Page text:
June 25, 2022
Link to article: Tabletop Lessons from Final Fantasy I

Tabletop Lessons from Final Fantasy I

A while back, I finished playing through the first Final Fantasy game over on our Twitch channel. The game is such an odd artifact from a bygone age. Even with the quality of life improvements throughout generations of remakes, the core of the game is still so archaic and idiosyncratic in many ways. Item and ability descriptions are vague, the core gameplay loop is simple, and modern notions of storytelling are almost entirely absent.

The eight bit era of gaming seems so alien to modern videogame sensibilities. If we consider Final Fantasy’s table top influences, it seems doubly removed from current TTRPG design philosophy. But aside from nostalgia, I did find the gameplay of Final Fantasy oddly engrossing. Like most DMs, I’m constantly looking to steal ideas for my next campaign or adventure from whatever media is in front of me. Of course, throughout the course of my playthrough, in the back of my mind I was trying to tease out whatever I could learn from this venerable classic. 

Here are just a few lessons I took away from the first Final Fantasy:

Let Go of Old Tropes

The first Final Fantasy I was really cognizant of was VII. As a kid, I remember seeing a big stand up cardboard display of Cloud holding the buster sword in the window of an EB Games in the mall. With just that small glimpse into the setting of the franchise, it was pretty clear the games had a futuristic, science fiction vibe. 

Despite playing through a large chunk of the NES library, I was completely unaware of the first entry in the series. None of my friends had it, and I can’t really recall ever seeing it at my local rental place. Once emulation became common, I eventually got around to playing the original. It was very surprising to see how generic the world of Final Fantasy was. Specifically, I was taken aback to see elves and dwarves. I was further surprised at how boring they were.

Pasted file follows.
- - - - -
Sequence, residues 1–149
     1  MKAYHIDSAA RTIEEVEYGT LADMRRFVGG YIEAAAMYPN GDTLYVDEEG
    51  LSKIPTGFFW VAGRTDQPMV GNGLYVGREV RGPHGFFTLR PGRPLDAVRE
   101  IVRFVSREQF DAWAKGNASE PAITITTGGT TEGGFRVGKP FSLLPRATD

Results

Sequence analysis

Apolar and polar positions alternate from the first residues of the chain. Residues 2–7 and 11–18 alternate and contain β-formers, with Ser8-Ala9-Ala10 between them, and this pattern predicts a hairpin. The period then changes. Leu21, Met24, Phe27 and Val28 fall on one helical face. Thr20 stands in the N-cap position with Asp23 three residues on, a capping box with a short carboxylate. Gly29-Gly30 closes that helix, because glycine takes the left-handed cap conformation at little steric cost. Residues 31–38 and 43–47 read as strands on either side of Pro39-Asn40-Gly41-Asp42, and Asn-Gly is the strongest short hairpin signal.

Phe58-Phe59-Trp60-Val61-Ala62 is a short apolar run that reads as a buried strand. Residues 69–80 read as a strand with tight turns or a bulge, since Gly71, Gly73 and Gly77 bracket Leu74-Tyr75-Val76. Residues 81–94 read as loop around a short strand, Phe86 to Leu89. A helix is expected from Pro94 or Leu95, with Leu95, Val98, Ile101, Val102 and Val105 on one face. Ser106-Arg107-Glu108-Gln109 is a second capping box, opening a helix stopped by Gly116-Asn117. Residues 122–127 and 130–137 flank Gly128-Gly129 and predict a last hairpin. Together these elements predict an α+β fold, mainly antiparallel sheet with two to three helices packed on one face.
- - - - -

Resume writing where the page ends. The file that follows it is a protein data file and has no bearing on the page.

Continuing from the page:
Other than having slightly different appearance, the city of Elfheim functioned exactly like the human settlements. They had an inn, shops and magic tutors just like everyone else. The dwarves at least live underground and are capable of forging the best sword in the game (more on that later). But aside from a little more window dressing, the entire dwarven city of Duergar could have easily been a human mining operation.

In contrast, there is an archipelago of islands inhabited by dragons a bit later in the game. Called the Cardia Islands, it’s unclear how the creatures will receive you. A maze of tunnels spread out over a disjointed chain of land ruled over by giant flying reptiles is not something you see every day. Over in the east, a mysterious village called Lufenia is populated by people speaking an incomprehensible language. After recovering a Rosetta Stone, you are able to learn that they descend from a civilization called the “sky people” that possessed impossibly advanced technology.

As you build your game world, I think it’s a good idea to ask yourself why you’re including some fantasy stock elements. Encountering the boilerplate elves and dwarves ultimately took away from my experience. Furthermore, because Elfheim and Duergar show up relatively early in the game, they ran the risk of disengaging me before I got to the more interesting locales. It’s perfectly acceptable to just leave elves or dwarves out of your fantasy setting if you don’t have any interesting ideas for them. It’s far better to focus your time and energy on things that are going to make your world stand out rather than blend in.

Make Magic a Journey

As it turns out, black mages are pretty powerful. Granted, I’m a bit of a rube, but nothing is more satisfying than spamming their elemental damage spells. In FF1, new spells are primarily acquired by going into magic shops and buying them. As a result, the first thing I did when entering any town was make a B-line for these stores hoping to raise my firepower. And I’m sorry, but if the choice is between “mass lightning V” or new plate armor for the fighter, the fighter shall go wanting.

D&D 5e, wizards are supposed to seek out new spells as they progress as well. From the PHB on getting new spells:

“The spells that you add to your spellbook as you gain levels reflect the arcane research you conduct on your own, as well as intellectual breakthroughs you have had about the nature of the multiverse. You might find other spells during your adventures. You could discover a spell recorded on a scroll in an evil wizard’s chest, for example, or in a dusty tome in an ancient library.”

Maybe this is only an issue in games I’ve played in, but I’ve rarely if ever seen a wizard spend any significant amount of time seeking out new spells. Searching for new spells provides ample opportunity for encounters. Even if you don’t make this process the core of an adventure (or even a sidequest for that matter), there’s still quite a bit of excitement to be had just adding in magic tutors in some towns. It gives the DM a chance to introduce intriguing NPCs for fun roleplay encounters. Since the magic tutors would naturally be spending a great deal of their time talking to spellcasters, they could become vital sources for plot hooks or background information.